I predicted before the race that with a race of this distance, I would probably have 4 really high points and 4 really low points. This prediction turned out to be pretty accurate. Case in point, when I came into the final aid station at mile 93, I had 7 more miles to go. I have to admit, I almost broke down and quit right there. The thought of taking on this behemoth of a course for 7 more miles was not too fun. But, 10 minutes later, after telling my crew for the 3rd time that “I’m going to finish this thing”, I walked outside and just started to walk, and then do my draggy-shuffle run. Safe to say, most of my running technique was cooked!

They saved the “best” for last!
At mile 97, I was confronted by a switch-back hill so steep and long, I found myself on the phone with April (there was spotty connection throughout the park) things like “who would design a course that would do this to someone?” It felt very masochistic to me. In effect, as I was just glorified-hiking this hill, I did think to myself “who could run this hill?”. I just had to get through it.

The last 2 miles were really long.

The last mile was the longest mile of my life.

As I started down the last mile (mile 99), the girls manning the checkpoint looked over at me curiously as I started one of the strangest shuffle gaits I have done. The tread on the bottle of my shoes make scuffing sounds as I could no longer really pick my feet up. It was indeed the “old man shuffle”!

As I approached 1/4 mile to go, I thought back on moments in my running life; I remembered the skinny kid who took up the mile in track because he like the speed of it; the 29 year old who was super-sedentary and had a wake up call to get back in shape; my training for this race; and the runners who I’ve coached and have enjoyed seeing them reach for their potential.

I began to bawl, and I did this right through the finish.

My Mom, her friend, and April were there to great me as I came in. They were there at every single Aid Station, and I credit my ability to keep going largely to them! The race director, Tom, came out to congratulate me.I had done it! I had completed 100 miles of super tough terrain. My dream had come true, and I was a better runner (and person, hopefully 🙂 ) for it!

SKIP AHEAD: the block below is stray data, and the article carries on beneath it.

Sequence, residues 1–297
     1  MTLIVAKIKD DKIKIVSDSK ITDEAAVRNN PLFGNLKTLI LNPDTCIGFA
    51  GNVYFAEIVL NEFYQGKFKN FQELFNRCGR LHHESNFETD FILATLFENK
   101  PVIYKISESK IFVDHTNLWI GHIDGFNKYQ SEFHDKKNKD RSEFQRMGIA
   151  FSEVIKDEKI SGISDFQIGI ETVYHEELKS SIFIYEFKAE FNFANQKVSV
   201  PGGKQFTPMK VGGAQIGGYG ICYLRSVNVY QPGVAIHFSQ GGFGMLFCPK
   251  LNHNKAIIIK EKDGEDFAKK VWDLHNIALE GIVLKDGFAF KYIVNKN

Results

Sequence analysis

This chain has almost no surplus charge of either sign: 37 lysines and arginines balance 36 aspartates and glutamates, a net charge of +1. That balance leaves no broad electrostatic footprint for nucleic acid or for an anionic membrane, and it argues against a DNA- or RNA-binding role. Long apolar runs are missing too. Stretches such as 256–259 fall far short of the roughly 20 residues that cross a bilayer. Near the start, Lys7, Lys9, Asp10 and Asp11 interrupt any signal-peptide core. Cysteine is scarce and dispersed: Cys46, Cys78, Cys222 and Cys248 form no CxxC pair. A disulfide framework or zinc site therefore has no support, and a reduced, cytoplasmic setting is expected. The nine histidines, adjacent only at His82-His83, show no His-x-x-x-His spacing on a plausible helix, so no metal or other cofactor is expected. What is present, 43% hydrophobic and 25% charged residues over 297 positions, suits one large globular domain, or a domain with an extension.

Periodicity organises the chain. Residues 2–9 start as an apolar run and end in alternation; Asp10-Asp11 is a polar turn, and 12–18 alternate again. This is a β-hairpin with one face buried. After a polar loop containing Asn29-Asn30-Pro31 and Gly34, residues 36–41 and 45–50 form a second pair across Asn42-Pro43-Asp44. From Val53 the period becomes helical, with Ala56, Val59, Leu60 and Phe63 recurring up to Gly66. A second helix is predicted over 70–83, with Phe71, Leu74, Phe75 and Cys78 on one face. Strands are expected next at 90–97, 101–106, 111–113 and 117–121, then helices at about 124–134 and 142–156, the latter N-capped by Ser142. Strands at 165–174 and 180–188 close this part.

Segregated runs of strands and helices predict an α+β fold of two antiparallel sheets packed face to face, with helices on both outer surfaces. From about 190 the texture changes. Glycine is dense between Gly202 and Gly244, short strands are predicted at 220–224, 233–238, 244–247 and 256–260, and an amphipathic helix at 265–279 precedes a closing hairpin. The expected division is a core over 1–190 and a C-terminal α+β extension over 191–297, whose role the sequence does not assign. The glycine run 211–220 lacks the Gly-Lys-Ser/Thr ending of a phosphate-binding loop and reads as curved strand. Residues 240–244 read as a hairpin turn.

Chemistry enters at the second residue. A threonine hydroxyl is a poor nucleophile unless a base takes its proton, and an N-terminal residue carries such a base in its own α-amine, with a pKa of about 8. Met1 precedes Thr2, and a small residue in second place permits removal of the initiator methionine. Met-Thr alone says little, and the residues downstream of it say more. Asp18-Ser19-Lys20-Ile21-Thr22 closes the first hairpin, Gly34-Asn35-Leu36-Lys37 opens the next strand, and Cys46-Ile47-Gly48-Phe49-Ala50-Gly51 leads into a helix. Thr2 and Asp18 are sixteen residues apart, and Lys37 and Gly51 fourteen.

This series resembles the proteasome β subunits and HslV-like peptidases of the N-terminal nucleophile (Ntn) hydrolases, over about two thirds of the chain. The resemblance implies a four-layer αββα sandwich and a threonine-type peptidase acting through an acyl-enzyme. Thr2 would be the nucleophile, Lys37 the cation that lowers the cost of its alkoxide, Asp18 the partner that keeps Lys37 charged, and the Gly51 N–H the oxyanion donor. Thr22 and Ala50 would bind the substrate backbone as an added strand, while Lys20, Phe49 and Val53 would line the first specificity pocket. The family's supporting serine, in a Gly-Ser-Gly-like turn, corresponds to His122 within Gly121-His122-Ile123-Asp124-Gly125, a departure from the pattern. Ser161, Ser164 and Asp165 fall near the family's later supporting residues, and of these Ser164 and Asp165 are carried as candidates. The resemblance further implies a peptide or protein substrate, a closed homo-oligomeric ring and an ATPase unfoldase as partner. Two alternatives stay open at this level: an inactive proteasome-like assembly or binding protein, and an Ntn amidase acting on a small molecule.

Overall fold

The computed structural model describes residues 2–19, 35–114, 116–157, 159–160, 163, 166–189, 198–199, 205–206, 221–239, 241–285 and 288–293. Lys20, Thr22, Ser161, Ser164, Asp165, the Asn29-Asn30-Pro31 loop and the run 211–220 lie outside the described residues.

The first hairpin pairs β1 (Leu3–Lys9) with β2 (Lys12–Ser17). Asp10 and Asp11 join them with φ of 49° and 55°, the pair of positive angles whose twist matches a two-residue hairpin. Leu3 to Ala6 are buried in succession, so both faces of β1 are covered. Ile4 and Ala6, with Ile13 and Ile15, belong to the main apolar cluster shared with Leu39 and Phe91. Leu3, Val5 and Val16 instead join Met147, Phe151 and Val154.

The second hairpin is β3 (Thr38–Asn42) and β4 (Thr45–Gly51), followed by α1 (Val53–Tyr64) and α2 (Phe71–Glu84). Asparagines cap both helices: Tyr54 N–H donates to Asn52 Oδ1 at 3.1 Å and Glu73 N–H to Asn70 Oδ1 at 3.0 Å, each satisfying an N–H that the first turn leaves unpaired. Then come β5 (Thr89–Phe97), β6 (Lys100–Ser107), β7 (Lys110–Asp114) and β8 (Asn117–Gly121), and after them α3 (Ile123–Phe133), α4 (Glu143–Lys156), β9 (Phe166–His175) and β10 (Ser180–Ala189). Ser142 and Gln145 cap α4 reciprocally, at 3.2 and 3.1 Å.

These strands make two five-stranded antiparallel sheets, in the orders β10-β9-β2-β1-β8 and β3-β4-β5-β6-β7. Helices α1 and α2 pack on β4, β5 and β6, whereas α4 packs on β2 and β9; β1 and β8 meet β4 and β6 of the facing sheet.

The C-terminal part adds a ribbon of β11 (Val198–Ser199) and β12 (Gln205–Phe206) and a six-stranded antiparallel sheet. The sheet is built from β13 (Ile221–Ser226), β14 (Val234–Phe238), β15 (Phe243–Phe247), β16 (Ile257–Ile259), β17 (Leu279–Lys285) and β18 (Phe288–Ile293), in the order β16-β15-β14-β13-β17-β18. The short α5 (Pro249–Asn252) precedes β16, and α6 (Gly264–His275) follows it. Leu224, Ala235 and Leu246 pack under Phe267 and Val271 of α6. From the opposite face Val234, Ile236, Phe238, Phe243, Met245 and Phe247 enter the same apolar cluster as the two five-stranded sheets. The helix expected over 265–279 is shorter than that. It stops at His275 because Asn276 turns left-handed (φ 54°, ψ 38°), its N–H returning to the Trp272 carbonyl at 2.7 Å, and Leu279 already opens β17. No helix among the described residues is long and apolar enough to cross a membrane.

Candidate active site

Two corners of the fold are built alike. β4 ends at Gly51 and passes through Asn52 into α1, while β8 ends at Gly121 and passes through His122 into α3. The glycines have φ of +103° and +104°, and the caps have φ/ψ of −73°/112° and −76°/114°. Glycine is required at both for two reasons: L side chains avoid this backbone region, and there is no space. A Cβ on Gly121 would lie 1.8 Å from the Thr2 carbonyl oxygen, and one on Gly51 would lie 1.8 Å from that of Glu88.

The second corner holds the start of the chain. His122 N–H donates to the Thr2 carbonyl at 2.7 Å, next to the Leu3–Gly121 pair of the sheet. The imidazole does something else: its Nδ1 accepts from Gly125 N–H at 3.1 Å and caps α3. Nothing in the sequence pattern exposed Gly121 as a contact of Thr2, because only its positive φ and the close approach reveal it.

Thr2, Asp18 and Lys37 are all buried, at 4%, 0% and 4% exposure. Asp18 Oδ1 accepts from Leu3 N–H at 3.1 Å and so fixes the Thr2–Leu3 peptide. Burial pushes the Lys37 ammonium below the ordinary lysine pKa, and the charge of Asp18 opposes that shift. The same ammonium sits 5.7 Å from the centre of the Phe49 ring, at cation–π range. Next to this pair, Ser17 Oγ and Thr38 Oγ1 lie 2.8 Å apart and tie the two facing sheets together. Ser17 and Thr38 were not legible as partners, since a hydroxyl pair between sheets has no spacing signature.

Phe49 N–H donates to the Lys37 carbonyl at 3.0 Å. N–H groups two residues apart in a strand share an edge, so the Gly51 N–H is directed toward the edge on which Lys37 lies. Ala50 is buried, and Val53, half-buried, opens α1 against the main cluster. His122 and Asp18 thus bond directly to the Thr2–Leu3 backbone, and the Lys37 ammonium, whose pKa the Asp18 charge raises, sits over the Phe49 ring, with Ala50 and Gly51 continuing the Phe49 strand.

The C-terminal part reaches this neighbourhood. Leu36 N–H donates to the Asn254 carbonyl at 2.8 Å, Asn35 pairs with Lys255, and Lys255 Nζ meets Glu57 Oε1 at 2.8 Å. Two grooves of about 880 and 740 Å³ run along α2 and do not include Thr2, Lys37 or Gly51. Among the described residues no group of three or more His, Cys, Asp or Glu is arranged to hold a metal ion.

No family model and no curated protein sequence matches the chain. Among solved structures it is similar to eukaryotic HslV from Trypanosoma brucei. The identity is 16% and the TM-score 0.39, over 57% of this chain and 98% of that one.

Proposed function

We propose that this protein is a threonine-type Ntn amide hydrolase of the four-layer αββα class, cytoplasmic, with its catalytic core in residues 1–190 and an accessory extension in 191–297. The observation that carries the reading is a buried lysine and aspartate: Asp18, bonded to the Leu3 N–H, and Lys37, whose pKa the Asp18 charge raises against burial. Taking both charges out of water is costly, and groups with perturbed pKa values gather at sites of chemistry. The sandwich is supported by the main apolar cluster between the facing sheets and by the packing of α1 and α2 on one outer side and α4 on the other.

– The Oil Creek 100 could quite possibly be one of the most difficult ultra-distance trail runs in the U.S.
– A runner must develop their core “go to” skill. For some, its pacing; for others, speed. The list could go on.
– For rookie ultra runners, the emphasis should be on just finishing, and not worry or be too upset about time goals. (unless of course there is a time limit before the race ends!!!!) Emphasis should be on enjoying the process.
– Ultra running can be a transendental experience
– The ultra running community is very cool and full of great people! And the volunteers at the Aid stations and throughout make  a HUGE difference.

I hope you enjoyed this, and I hope that my experience gets you to think about your own next adventure!


My Review of Manta 25 Backpack

August 30, 2010

Originally submitted at Rock Creek Outfitters

Winner of the coveted Gold Award from the Outdoor European trade fair, the Osprey Manta 25 is part of the new Osprey Hydraulics collection. A premiere hydration pack for light outdoor pursuits, the Manta has a lightweight design and unique drinking system that allows you to stay focused on your …

Manta 25 for Ultra/Trail Running

By Jim from Brooklyn, New York on 8/29/2010


5out of 5

Pros: Comfortable, Good Design, Easy Setup, Easy to Use

Best Uses: Backcountry

Describe Yourself: Avid Adventurer

What Is Your Gear Style: Comfort Driven

Was this a gift?: No

I am currently training for my first 100 mile race that will be taking place in mid-October. I have owned the Manta 25 for just a few days now. but have taken it on a 10 mile run with the bladder full of water, and a useful load in the hip pockets.
I have noticed right away that this bag has benefits over my CamelBak Octane 24, namely that it holds its strength and the side winching straps keep the load higher up on my back. The result is that the harnesses don’t slip down my back, and the load is held properly.
The bladder is SUPER EASY to fill and replace into the bad. Finally the mesh back is really good and provides true air-flow, which is comfort for my back!